• In February 2005, ADL National Director Abraham Foxman called it hypocritical for hip-hop producer Russell Simmons to lead an ad campaign against anti-Semitism while also, according to Foxman's view, defending or excusing Louis Farrakhan's anti-Semitic statements.[63] Later that year the ADL urged prominent black leaders including Simmons to reconsider their support for Farrakhan and Malik Zulu Shabazz organizing the Millions More Movement and to "stand up" against black anti-Semitism.[64] Simmons, responding to ADL Director Abraham Foxman, said, "simply put, you are misguided, arrogant, and very disrespectful of African Americans, and most importantly, your statements will unintentionally or intentionally lead to a negative impression of Jews in the minds of millions of African Americans".[65] Foxman replied, "If there were a Jewish event which was led by an out-and-out racist, I would expect Black leaders to say to me that ADL should have nothing to do with it. And I would agree with them, rather than condemn them for their action."[66]

Interfaith camp

ADL's New England Regional Office has also established a faith-based initiative called "The Interfaith Youth Leadership Program", better known as "Camp If", or Camp Interfaith. Involving teenagers of the Christian, Jewish, and Islamic faiths, the camp brings the teens together for a week at camp where the teens bond and learn about each other's cultures. The camp has emerged as a new attempt to foster good relations between younger members of the Abrahamic faiths.[67]


Arab American and African American lawsuit against ADL

In 1996, the ADL settled a federal civil lawsuit filed by groups representing African Americans and Arab Americans, that alleged that the ADL hired agents with police ties to gather information. The ADL did not admit any wrongdoing, but agreed to a restraining injunction barring the ADL from obtaining information from state employees who are forbidden by law to divulge such information. The ADL also agreed to contribute $25,000 to a fund that funds inter-community relationship projects, and cover the plaintiffs' legal costs of $175,000.[68][69][70]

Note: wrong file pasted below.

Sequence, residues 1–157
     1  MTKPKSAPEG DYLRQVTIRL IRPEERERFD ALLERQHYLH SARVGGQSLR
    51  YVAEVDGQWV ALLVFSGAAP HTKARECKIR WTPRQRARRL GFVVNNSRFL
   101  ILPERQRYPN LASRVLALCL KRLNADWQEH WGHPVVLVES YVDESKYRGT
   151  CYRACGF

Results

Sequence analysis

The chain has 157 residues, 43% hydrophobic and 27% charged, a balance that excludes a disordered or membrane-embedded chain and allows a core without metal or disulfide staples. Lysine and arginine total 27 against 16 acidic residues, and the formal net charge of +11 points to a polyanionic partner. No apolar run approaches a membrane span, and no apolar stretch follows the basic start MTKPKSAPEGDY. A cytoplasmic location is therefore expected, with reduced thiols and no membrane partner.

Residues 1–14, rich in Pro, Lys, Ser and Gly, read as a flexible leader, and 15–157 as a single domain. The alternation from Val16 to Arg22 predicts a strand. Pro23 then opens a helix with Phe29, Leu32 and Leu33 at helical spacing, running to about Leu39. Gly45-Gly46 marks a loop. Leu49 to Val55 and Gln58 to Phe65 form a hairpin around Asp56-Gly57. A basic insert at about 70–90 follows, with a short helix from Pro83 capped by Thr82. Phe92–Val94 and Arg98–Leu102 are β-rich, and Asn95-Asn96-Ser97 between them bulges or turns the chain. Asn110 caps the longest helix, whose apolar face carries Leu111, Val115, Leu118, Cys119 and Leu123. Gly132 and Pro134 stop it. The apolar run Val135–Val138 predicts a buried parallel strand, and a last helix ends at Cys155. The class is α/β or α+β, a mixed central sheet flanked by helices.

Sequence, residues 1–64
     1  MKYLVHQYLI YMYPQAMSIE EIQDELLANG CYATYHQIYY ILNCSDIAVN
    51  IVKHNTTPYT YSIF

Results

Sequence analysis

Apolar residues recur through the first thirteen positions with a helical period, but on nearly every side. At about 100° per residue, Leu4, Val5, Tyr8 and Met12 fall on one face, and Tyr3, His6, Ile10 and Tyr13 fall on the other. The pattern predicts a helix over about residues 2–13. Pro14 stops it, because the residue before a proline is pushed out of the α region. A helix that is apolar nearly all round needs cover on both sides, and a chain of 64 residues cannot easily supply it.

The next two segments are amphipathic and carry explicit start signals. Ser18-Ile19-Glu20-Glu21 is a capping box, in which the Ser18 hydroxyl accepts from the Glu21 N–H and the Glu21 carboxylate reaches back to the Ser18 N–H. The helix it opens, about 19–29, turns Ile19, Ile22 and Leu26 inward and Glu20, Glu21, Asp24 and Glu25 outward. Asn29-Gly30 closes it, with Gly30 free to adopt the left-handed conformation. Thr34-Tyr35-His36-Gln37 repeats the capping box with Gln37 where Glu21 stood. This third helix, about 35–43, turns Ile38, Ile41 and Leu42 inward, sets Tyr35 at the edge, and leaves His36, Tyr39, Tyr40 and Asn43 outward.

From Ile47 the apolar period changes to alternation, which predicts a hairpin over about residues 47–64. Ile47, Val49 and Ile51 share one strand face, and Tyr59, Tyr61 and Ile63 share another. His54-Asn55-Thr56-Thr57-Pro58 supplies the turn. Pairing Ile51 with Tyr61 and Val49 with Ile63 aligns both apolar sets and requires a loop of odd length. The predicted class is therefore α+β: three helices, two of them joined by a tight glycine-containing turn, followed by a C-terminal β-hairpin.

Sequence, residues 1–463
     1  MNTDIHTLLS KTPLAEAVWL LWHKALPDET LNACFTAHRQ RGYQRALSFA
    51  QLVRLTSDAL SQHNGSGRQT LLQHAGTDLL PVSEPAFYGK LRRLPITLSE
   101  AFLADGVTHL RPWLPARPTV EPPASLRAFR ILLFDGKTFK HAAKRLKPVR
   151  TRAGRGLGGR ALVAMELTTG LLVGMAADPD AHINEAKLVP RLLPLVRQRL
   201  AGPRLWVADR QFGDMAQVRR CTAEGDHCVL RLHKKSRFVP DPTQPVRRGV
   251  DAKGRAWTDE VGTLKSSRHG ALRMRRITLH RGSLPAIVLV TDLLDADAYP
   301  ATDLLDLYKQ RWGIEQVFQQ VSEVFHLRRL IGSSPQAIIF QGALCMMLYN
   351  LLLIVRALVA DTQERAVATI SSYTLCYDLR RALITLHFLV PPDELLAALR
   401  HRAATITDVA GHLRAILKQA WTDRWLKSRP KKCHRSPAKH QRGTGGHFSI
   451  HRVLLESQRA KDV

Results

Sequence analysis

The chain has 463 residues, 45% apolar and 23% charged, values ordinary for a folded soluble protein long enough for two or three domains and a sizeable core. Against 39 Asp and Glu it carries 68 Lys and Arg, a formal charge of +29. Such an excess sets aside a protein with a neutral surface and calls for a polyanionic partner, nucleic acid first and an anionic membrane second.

Armenian Genocide controversy

In 2007, Abraham Foxman came under criticism for his stance on the Armenian Genocide. The ADL had previously described it as a "massacre" and an "atrocity," but not as a "genocide."[71] Foxman had earlier opposed calls for the U.S. Government to recognise it as a "genocide."[72] "I don't think congressional action will help reconcile the issue. The resolution takes a position; it comes to a judgement," said Foxman in a statement issued to the Jewish Telegraphic Agency. "The Turks and Armenians need to revisit their past. The Jewish community shouldn't be the arbiter of that history, nor should the U.S. Congress, and "a Congressional resolution on such matters is a counterproductive diversion and will not foster reconciliation between Turks and Armenians, and may put at risk the Turkish Jewish community and the important multilateral relationship between Turkey, Israel, and the United States."

In early August 2007, complaints about the Anti-Defamation League's refusal to acknowledge the Armenian Genocide led to Watertown, Massachusetts's, unanimous town council decision to end its participation in the ADL's "No Place for Hate" campaign. (Watertown is known for its Armenian population.) Also in August 2007, an editorial in The Boston Globe criticized the ADL by saying that, "as an organization concerned about human rights, it ought to acknowledge the genocide against the Armenian people during World War I, and criticize Turkish attempts to repress the memory of this historical reality."[73] Then on August 17, 2007, the ADL fired its regional New England director, Andrew H. Tarsy, for breaking ranks with the main organization and for saying that the ADL should recognize the genocide.[74] In an August 21, 2007, press release, the ADL changed its position and acknowledged the genocide, but maintained its opposition to congressional resolutions aimed at recognizing it.[71] Foxman wrote, "the consequences of those actions," by the Ottoman Empire against Armenians, "were indeed tantamount to genocide."[75] The Turkish government condemned the league's statement.[76] Andrew H. Tarsy was rehired by the league on August 27,[77] though he has since chosen to step down from his position.[78]